Differences Between Practice and Defensive Ammunition
If you are new to the gun world, there are so many decisions to make. How to choose a firearm, what gear do I need, where do I practice, who do I get instruction from, what kind of clothes to wear. Our desire is to be a responsibly armed citizen. One important aspect is choosing the right ammunition. This isn’t the place where you’ll find information on what caliber you should shoot, or what brand to buy, we are going to discuss the type you should buy, and why. If you check out the booklet that comes with your gun when you make a purchase, it may have some recommendations for your specific handgun.
There are two major categories of handgun ammunition: practice (ball ammunition) and self-defense (hollow-point).
Each of these are made up of several components all together known as a round, cartridge, ammunition, or ammo. We commonly hear “bullet” which is only the end of the round (or projectile). It is the solid mass that exits the gun when fired. There is also the “case”, which contains the propellant and primer.
Practice ammunition (ball, FMJ, or target ammo) is widely used for training. It has a rounded nose (ladies, like a new lipstick), is completely enclosed with metal, and has no grooves or holes on the bullet. Ball ammunition is typically less expensive and is great for punching holes in paper, but should not be used in a self-defense gun. It does have the possibility of hitting objects behind the target and cause unintentional collateral damage. If you were forced to defend yourself with ball ammunition in your home, those rounds can penetrate walls, doors, glass, etc. This means that innocent people behind your attacker could be injured or killed.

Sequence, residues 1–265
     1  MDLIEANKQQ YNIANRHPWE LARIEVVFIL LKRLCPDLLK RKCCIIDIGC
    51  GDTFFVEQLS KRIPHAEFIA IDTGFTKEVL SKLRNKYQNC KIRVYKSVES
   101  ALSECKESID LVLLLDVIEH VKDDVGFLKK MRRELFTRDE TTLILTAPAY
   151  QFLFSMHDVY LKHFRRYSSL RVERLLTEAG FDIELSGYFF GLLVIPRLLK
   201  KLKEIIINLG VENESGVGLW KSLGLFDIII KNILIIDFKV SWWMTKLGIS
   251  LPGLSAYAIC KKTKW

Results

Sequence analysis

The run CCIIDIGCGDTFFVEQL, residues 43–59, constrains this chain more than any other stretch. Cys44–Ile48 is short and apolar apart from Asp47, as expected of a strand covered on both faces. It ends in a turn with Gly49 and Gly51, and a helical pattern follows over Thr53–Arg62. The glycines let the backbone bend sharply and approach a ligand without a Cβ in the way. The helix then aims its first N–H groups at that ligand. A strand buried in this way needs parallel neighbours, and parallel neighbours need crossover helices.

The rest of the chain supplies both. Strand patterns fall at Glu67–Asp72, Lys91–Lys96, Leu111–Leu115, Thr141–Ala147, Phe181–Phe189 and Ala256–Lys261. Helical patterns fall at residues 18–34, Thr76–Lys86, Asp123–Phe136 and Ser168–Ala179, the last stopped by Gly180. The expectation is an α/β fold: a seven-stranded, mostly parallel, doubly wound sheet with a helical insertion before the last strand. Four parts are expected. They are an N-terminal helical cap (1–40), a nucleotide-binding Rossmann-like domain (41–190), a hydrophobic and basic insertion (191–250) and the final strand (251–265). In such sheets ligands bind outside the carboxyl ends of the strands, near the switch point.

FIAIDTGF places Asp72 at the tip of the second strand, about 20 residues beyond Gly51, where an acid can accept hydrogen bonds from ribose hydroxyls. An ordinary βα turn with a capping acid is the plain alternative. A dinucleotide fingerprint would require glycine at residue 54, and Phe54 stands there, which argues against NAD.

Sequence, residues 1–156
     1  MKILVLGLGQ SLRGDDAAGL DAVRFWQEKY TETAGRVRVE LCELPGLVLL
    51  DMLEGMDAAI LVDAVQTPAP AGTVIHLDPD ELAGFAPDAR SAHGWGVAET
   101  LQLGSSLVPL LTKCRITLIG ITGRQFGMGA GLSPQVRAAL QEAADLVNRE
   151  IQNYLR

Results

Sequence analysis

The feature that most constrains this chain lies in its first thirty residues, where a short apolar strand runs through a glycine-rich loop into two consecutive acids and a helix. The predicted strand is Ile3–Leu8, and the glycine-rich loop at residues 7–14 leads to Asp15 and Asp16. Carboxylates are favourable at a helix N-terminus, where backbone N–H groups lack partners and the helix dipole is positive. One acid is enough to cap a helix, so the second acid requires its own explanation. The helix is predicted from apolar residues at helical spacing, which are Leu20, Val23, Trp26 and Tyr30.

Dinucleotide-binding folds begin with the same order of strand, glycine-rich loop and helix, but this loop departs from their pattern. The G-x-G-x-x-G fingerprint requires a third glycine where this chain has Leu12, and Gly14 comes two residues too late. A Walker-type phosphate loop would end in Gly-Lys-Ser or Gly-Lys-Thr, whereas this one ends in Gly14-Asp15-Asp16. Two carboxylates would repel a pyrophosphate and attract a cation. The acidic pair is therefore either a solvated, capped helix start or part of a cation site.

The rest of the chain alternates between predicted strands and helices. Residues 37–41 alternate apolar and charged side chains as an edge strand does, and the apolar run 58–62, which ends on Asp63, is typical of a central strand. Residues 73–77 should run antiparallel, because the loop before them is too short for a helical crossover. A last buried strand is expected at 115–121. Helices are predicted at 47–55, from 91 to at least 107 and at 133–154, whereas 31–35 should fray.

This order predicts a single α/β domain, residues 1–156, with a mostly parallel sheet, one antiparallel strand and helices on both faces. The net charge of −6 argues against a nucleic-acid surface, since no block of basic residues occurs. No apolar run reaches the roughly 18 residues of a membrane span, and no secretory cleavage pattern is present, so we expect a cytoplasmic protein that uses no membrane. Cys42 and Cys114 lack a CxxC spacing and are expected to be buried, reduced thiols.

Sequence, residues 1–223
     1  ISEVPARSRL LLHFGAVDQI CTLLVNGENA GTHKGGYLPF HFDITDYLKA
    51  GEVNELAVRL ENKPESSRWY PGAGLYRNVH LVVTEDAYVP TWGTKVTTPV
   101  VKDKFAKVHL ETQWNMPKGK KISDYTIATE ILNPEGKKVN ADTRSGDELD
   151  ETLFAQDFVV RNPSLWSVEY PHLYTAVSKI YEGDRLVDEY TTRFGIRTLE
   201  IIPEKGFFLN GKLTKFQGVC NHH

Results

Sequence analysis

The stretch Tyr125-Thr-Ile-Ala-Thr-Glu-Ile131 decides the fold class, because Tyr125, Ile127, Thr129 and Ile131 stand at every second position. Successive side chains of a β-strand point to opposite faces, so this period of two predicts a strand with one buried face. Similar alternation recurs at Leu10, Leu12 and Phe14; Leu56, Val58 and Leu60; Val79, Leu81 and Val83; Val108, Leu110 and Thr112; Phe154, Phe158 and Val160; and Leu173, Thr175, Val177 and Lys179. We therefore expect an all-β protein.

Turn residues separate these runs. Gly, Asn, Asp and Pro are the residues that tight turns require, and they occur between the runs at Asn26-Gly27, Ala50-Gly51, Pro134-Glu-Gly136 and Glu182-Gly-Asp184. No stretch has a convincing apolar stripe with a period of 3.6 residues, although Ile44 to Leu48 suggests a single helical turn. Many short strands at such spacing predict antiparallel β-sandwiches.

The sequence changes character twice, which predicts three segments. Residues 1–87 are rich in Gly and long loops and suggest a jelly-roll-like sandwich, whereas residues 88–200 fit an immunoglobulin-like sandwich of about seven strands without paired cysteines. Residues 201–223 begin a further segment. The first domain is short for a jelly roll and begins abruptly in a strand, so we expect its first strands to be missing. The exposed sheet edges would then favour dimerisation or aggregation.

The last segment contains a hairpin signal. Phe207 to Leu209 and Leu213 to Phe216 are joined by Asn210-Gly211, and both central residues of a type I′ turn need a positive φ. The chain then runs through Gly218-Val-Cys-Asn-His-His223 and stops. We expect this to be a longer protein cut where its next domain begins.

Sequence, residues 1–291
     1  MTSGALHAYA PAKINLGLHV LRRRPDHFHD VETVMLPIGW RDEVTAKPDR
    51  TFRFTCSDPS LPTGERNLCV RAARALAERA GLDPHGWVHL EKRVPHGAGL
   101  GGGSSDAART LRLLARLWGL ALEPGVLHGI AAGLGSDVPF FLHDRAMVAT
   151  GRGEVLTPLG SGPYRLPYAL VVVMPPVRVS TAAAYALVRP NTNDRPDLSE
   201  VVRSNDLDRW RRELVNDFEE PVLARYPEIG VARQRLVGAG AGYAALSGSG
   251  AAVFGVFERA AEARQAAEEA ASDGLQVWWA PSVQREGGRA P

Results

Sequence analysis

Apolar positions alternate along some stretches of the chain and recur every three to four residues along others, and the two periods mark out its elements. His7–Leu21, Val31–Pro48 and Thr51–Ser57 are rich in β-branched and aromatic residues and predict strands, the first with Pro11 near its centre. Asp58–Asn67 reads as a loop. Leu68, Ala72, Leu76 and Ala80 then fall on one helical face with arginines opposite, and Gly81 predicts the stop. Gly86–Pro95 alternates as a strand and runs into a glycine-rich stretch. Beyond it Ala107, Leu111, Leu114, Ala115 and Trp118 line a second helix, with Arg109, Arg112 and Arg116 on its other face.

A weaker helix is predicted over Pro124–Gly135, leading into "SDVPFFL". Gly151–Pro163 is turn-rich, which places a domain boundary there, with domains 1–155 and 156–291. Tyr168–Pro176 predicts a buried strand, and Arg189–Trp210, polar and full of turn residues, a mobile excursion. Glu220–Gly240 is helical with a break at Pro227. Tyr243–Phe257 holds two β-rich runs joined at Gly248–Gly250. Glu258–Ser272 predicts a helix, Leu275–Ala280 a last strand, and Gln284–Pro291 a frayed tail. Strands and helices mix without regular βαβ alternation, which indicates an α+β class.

It is documented that in 1998, NYPD reported that 46 percent of innocent bystanders (and 39 percent of law enforcement officers) who were hit by police rounds were struck by bullets (ball ammunition) that had passed through attackers or other objects.
Make sure to steer clear of it though, when you are carrying your firearm for protection or have your firearm loaded and staged for protection in your home.
Self defense ammunition (hollow point (HP) or jacketed hollow point, JHP) is ammunition designed specifically for self defense. Hollow point ammunition has a hollowed out cavity at the tip, and usually has the jacketed edges of the cavity “scored” into four to six segments. The cavity and scored edges allow the round to dramatically expands once it enters its target. Hollow points are far more effective for defense because not only are they designed to expand upon impact, they are also designed to transfer almost all of their energy into the target as well. This means that if you shoot an attacker, the bullet will expand instantly to make a much larger wound than a full metal jacket (FMJ) round would. Furthermore, the bullet will not over penetrate because most of the energy will have already been transferred upon impact. According to the FBI, the best defense ammunition will penetrate a minimum of twelve inches while continuing to expand until it stops. That being said, not every jacketed hollow point bullet will be a suitable choice for self-defense. Make sure that you fully know and understand the laws in your area in regard to owning and using hollow point ammunition.Spend some time practicing with your firearm with both practice and self-defense ammunition. You want to make sure that both function properly in your gun.
You want to know what works well in your gun before you ever get in to a critical situation.
You want to have the peace of mind that your gun works well with the defensive ammo that you have chosen. If you are still unsure of what ammunition to use in your gun, don’t be afraid to ask an expert. You can reach out to local law enforcement officers, gunsmiths, reputable instructors or even your local gun store. Then it’s up to you to practice and make sure your firearm operates well with both your practice and self-defense rounds. Happy training.
As when anything firearms related, always put the firearm safety rules first; 1 Treat every firearm as though it is loaded, 2 finger off the trigger until you are ready to shoot, 3 always keep the muzzle pointed in a safe direction and 4 beware of your target and what is behind and around it. These are just 4 of many. You can read more about the firearm safety rules HERE.